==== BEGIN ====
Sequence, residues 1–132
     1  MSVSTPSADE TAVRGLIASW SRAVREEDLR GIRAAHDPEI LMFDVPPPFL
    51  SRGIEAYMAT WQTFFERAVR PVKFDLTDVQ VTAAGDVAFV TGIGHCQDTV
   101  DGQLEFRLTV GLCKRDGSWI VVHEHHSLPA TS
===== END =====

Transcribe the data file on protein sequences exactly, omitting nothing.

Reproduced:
Sequence, residues 1–132
     1  MSVSTPSADE TAVRGLIASW SRAVREEDLR GIRAAHDPEI LMFDVPPPFL
    51  SRGIEAYMAT WQTFFERAVR PVKFDLTDVQ VTAAGDVAFV TGIGHCQDTV
   101  DGQLEFRLTV GLCKRDGSWI VVHEHHSLPA TS